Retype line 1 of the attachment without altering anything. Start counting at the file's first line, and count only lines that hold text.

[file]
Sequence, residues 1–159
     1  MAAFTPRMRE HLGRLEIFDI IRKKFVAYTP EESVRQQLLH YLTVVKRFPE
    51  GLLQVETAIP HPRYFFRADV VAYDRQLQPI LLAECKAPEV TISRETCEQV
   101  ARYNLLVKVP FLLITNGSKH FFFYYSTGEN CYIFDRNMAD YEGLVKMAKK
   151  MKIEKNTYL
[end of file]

Sequence, residues 1–159